The banking giant isn’t giving up the mortgage-lending top spot without a fight
The fight could end up in the Supreme Court
A real estate investor that I know has a saying, “Your most expensive money is your own money, and your second most expensive money is your family’s money.” For those of you who have made a real estate investment with a family member, you can probably understand very well the meaning of that saying.
Could the new Qualified Mortgage (QM) rule bring about a dangerous housing bubble?
An alternative to purchasing a house onn the open market is to purchase family-owned property. Buying a family-owned home allows the buyer and the seller to directly set the purchase price between themselves.
Privatization of Fannie Mae and Freddie Mac, the two government-sponsored mortgage investment giants that together are carrying close to 80 percent of U.S. housing credit risk, is a step closer to reality. The words of Edward DeMarco, acting director of the Federal Housing Finance Agency (FHFA), at the National Association of Business Economics hinted towards a merger of Fannie and Freddie that could later become a single private entity.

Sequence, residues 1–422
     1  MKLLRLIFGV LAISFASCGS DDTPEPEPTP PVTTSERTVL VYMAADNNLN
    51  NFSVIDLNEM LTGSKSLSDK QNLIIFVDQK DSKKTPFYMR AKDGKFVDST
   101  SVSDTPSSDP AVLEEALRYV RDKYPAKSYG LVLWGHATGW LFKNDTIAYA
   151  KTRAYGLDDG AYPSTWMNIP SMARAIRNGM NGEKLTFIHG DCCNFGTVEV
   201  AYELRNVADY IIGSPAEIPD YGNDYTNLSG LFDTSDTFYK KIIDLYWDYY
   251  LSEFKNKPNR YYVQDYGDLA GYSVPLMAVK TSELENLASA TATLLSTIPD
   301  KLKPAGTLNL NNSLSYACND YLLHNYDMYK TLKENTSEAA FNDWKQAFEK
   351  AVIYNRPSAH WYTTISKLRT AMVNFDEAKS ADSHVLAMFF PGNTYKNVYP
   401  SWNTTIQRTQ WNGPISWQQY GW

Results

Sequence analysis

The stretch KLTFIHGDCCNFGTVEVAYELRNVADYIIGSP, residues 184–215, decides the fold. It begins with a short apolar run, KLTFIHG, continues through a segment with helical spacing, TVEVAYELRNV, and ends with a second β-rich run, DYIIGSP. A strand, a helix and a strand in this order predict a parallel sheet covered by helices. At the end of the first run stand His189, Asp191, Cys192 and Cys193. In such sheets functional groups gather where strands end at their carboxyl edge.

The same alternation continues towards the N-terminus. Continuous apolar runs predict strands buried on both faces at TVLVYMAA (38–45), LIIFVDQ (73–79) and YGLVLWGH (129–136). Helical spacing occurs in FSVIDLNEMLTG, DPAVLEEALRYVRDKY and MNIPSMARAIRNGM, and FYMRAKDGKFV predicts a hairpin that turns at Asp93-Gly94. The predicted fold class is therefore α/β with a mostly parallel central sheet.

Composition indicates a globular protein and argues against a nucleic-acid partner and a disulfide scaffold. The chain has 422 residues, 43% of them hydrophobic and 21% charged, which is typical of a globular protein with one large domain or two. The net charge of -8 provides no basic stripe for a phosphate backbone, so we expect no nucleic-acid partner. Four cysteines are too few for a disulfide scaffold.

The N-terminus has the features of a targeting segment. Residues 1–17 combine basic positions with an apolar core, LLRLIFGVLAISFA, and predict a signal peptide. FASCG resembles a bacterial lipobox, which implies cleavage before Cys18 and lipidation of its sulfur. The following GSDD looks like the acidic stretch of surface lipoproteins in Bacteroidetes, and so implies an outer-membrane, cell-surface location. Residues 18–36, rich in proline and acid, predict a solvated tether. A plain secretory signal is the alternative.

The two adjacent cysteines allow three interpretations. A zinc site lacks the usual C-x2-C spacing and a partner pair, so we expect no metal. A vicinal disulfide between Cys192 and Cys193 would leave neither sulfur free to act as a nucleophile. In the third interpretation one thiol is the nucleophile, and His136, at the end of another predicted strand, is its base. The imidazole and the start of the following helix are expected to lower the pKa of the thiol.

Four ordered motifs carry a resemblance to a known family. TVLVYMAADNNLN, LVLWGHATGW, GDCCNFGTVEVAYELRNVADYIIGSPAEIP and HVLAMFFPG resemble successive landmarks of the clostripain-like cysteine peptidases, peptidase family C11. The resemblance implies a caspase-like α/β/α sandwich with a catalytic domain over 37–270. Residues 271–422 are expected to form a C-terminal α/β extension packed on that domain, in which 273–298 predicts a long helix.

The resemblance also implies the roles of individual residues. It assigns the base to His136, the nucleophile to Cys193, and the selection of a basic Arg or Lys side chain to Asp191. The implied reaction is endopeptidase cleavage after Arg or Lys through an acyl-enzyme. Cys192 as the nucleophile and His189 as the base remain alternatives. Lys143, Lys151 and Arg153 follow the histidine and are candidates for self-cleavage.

(FHFA) – Federal Housing Finance Agency (FHFA) Acting Director Edward J. DeMarco today released the 2013 Conservatorship Scorecard for Fannie Mae and Freddie Mac. The Scorecard details specific priorities for Fannie Mae and Freddie Mac in 2013 that builds upon the three strategic goals announced in FHFA’s Strategic Plan for Enterprise Conservatorships released in 2012.
As unpaid student loans in the United States pile up and become delinquent, economists are concerned that would-be young homeowners are getting left out of the housing market.